International Journal of Applied Linguistics

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Volume 10 Issue 1 (June 2000), Pages 3-158

The functions of I think in political discourse (pages 41-63)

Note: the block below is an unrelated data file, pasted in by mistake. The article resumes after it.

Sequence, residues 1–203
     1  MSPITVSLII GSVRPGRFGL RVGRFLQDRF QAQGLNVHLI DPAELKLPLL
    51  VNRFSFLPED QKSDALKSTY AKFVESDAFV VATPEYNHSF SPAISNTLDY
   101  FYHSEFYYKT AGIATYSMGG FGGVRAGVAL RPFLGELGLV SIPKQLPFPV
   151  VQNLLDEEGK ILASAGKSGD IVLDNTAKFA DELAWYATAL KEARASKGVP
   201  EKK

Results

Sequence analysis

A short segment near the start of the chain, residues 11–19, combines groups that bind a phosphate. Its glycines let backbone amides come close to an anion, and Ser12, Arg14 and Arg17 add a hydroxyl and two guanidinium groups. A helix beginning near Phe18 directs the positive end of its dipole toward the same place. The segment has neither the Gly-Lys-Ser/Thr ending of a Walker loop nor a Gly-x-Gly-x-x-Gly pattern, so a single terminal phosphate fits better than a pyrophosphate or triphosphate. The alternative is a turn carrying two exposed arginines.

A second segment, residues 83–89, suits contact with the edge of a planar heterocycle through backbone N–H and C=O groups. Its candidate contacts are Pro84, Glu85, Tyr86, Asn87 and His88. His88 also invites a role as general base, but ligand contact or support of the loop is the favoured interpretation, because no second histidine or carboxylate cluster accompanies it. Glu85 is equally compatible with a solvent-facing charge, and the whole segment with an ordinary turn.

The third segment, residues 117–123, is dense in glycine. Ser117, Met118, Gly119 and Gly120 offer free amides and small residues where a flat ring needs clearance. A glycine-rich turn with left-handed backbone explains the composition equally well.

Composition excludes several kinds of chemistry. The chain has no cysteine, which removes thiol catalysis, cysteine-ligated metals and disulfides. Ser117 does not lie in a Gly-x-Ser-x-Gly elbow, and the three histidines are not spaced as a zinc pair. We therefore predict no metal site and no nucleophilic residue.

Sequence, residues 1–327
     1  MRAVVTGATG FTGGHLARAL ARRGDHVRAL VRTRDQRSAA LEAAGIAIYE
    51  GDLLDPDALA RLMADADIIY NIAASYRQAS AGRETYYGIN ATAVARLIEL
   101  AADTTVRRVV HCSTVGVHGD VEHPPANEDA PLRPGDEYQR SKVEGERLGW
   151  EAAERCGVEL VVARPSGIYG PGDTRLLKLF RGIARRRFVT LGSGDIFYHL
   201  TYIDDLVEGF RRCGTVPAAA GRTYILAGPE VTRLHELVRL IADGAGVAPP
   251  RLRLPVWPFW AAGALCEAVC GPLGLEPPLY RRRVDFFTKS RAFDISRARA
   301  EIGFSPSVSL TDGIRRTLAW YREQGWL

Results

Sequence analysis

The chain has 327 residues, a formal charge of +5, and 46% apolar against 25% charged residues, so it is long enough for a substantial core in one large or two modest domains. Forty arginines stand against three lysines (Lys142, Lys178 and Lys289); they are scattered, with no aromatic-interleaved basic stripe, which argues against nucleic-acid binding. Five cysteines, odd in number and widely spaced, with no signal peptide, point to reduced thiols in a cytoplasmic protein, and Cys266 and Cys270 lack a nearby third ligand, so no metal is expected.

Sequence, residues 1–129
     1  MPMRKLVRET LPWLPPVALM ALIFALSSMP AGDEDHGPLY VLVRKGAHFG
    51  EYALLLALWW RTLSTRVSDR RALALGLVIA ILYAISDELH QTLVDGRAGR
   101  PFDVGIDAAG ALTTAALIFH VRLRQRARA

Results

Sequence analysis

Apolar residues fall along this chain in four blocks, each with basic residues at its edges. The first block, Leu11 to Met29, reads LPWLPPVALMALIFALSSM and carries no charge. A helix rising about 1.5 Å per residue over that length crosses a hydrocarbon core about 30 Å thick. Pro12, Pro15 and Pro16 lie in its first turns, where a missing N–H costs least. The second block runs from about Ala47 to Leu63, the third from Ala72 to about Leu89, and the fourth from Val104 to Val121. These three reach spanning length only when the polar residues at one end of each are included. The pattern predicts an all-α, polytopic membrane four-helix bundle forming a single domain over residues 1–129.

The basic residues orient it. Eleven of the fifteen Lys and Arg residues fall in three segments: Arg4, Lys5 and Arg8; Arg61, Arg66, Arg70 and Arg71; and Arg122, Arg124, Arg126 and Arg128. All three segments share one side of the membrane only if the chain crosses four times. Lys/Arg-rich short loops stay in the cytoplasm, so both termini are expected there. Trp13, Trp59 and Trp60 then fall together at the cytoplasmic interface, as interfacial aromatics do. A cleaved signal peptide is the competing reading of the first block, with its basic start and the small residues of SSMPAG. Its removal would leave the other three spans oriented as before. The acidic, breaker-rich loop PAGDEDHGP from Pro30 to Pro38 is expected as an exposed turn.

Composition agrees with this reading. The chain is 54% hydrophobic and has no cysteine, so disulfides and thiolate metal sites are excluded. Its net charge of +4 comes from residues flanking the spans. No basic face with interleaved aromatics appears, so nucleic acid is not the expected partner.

The expression I (don't) think has in recent years received a fair amount of attention from different viewpoints and in different linguistic frameworks. After a brief survey of the most important literature on the subject, this article examines the occurrence of I think in political discourse as compared with its use in informal conversation. On the basis of two samples of 100 instances each from casual conversations and radio political interviews, the expression is looked at from the points of view of syntax, intonation, the semantics of the proposition, collocation, and the wider context of the interaction taking place. It is shown that the expression has a complex of meanings which cannot simply be labelled ‘uncertainty’or ‘lack of commitment’. Depending on the context, it can signal a tentative attitude or authoritative deliberation. It is further argued that an understanding of the extralinguistic situation and the cultural meaning of the genre, including the power and status of interactants, is essential if one wishes to interpret the selection of I think in individual instances.

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